The post Climate Change: Complex Challenges for Agriculture appeared first on Inter Press Service.

Excerpt:

Peter Lüthi is in Communications at the Biovision Foundation for Ecological Development, Zurich

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Getting to the Heart of Irregular Migration in Nigeria’s Marketshttp://www.ipsnews.net/2019/01/getting-heart-irregular-migration-nigerias-markets/?utm_source=rss&utm_medium=rss&utm_campaign=getting-heart-irregular-migration-nigerias-markets http://www.ipsnews.net/2019/01/getting-heart-irregular-migration-nigerias-markets/#respond Tue, 08 Jan 2019 08:33:43 +0000 Sam Olukoya http://www.ipsnews.net/?p=159532 Thousands of migrants mainly from Sub-Saharan Africa have died or ended up in slavery as they attempt to travel to Europe irregularly through the desert and across the sea. Many were recruited by traffickers who deceived them into believing that the passage to Europe would be safe and easy. The International Organization for Migration, IOM, […]

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Returnee migrants volunteering for the International Migration Organisation (IOM) are campaigning in Nigerian markets against irregular migration by sharing their own stories of strife. Credit: Sam Olukoya/IPS

By Sam Olukoya
BENIN CITY, Nigeria, Jan 8 2019 (IPS)

Thousands of migrants mainly from Sub-Saharan Africa have died or ended up in slavery as they attempt to travel to Europe irregularly through the desert and across the sea. Many were recruited by traffickers who deceived them into believing that the passage to Europe would be safe and easy.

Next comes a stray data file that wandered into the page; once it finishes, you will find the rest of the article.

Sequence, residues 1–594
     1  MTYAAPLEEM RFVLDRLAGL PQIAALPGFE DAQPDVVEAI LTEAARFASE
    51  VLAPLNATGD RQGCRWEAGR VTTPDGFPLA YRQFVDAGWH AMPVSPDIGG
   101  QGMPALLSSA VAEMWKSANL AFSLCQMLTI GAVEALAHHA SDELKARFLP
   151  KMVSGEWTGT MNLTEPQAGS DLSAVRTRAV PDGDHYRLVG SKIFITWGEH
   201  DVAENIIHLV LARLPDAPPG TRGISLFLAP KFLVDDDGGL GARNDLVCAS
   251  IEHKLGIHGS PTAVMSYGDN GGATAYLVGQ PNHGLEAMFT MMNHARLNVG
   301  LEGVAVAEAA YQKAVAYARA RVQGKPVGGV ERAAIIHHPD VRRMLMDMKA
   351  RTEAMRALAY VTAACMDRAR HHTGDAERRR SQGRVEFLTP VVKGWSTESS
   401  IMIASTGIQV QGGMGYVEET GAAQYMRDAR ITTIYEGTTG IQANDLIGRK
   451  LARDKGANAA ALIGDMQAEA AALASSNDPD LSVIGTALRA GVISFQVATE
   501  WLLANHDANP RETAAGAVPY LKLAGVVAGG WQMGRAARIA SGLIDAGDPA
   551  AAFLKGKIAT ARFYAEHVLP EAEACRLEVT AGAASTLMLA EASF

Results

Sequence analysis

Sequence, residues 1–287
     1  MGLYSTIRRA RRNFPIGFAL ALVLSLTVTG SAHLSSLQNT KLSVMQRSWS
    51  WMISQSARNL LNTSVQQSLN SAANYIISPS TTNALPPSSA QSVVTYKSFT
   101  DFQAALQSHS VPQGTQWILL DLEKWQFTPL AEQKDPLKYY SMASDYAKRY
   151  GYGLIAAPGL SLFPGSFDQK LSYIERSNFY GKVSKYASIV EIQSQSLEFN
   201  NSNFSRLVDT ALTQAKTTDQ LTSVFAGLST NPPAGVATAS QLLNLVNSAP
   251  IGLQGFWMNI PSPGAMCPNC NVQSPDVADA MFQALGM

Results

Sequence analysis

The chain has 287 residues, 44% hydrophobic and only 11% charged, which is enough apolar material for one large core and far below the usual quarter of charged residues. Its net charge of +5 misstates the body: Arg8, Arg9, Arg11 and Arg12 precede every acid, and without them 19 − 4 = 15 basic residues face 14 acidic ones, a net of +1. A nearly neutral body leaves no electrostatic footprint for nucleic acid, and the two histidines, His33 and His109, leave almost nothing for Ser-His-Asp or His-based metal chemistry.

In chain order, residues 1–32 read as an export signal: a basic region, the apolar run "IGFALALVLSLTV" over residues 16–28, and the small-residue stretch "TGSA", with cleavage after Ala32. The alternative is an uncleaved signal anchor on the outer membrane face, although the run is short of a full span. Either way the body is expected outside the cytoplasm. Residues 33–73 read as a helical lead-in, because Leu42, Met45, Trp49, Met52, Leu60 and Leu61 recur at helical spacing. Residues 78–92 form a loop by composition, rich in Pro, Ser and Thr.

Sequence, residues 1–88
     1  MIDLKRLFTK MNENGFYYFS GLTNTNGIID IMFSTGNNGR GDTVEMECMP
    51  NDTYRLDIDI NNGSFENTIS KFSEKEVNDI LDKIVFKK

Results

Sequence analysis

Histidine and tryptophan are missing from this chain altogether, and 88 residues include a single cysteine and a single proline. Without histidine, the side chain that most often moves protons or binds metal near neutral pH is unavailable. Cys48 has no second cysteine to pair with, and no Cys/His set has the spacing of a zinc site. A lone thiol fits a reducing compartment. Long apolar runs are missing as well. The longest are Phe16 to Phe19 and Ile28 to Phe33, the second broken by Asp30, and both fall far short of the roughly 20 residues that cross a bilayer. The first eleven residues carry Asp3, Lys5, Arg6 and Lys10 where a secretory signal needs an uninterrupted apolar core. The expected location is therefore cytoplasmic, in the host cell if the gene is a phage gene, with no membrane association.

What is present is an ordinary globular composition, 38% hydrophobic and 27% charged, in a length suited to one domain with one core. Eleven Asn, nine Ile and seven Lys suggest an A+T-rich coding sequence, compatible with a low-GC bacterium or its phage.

The International Organization for Migration, IOM, has embarked on a peer-to-peer campaign aimed at letting vulnerable people know the real dangers.

Migrants who returned home after their failed attempt to reach Europe have been engaged volunteers to tell their harrowing stories in markets and other public places in Lagos, Nigeria’s commercial capital.

The voice from the Public Address system urges people to travel the right way and not to kill themselves with the dangerous journey through the desert and sea. Messages like this were spread within some Lagos markets by returning migrants.

 

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Global Warming: Severe Consequences for Africahttp://www.ipsnews.net/2019/01/global-warming-severe-consequences-africa/?utm_source=rss&utm_medium=rss&utm_campaign=global-warming-severe-consequences-africa http://www.ipsnews.net/2019/01/global-warming-severe-consequences-africa/#respond Fri, 04 Jan 2019 14:31:16 +0000 Dan Shepard http://www.ipsnews.net/?p=159488 Dan Shepard is a UN public information officer specializing in sustainability issues--including SDGs, biodiversity & climate change.

 
Africa Renewal*

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Farmers planting during a rainy season in Dali, North Darfur, Sudan. Credit: UN Photo / Albert Farran

By Dan Shepard
UNITED NATIONS, Jan 4 2019 (IPS)

Record global greenhouse gas emissions are putting the world on a path toward unacceptable warming, with serious implications for development prospects in Africa. “Limiting warming to 1.5° C is possible within the laws of chemistry and physics, but doing so would require unprecedented changes,” said Jim Skea, cochair of the Intergovernmental Panel on Climate Change (IPCC) Working Group III.